Sam Pickard, son of C. C. Pickard of Lawrence, wrote home this month while training in the Royal Flying Corps of Toronto, Canada. During a practice flight one evening, Pickard had “found something wrong with his machine so that he could not read the instruments before him to tell his location. His experiences are best related in his own way: ‘Just night before last I got lost in the clouds. Had absolutely no sense of direction and it got dark and began to rain. I knew they would have flares out for me and finally I saw a light back a few miles. I dived down and saw a train. I was so tickled to get that little clue that I yelled for joy although no one could hear me. I kept circling around so that the train could keep up with me and in about forty miles I saw the lights of a city. I flew around a couple of times but didn’t recognize the place. I had not been able to see my gasoline gauge for two hours and my engine was missing, shooting flames out, so I dived to the ground and could barely make out trees from pasture. By luck I made a perfect landing in a good field, tied my wings down and trotted over to a farm house to call the commanding officer. The men in camp were a tickled bunch. They had heard me go over about an hour after dark but they had to go through a lot of red tape before putting out flares. When I flew home next morning they about shook my arm off…. Indications are that some of us will be sent to Texas soon. I hope I get to go for the weather is too bad for flying here now.’”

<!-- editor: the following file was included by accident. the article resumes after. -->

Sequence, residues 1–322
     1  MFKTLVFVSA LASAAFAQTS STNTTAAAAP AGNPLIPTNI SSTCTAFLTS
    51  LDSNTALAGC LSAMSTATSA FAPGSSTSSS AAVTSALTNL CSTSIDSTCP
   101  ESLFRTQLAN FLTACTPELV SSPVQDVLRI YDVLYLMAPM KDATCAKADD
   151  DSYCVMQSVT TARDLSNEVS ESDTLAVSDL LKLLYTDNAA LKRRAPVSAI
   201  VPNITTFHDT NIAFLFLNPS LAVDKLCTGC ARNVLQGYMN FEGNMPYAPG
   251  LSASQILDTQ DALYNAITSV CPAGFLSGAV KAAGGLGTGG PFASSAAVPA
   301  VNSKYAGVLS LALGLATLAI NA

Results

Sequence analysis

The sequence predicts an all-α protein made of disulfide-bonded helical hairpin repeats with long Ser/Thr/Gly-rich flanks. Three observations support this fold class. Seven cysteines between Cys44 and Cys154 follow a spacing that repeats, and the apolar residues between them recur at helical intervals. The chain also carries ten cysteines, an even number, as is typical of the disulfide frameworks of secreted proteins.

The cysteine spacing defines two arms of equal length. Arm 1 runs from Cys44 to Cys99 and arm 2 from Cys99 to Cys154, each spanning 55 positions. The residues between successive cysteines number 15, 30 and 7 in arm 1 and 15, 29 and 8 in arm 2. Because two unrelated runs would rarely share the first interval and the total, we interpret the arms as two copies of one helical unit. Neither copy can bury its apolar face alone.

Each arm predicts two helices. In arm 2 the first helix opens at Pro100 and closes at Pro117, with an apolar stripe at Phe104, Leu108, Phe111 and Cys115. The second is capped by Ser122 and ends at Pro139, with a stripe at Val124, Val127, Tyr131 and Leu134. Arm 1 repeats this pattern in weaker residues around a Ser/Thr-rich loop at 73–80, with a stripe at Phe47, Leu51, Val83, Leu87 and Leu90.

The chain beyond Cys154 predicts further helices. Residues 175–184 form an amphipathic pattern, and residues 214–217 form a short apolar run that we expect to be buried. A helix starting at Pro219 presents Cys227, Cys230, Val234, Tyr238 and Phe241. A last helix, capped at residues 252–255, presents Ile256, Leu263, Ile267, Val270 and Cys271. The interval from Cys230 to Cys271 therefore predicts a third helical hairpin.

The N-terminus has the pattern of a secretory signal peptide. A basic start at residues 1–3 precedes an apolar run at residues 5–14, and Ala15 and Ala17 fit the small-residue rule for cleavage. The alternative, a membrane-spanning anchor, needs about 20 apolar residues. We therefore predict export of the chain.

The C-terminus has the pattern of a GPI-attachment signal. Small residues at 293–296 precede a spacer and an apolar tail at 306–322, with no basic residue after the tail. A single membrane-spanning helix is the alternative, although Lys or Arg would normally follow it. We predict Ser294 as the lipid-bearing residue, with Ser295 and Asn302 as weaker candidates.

World War I in Lawrence: Aviator tells family of harrowing flight
December 3, 2017
Editor’s note: As the U.S. marks the 100th anniversary of its entry into World War I this year, local writer Sarah St. John will compile reports of what it was like to be in Lawrence at that time.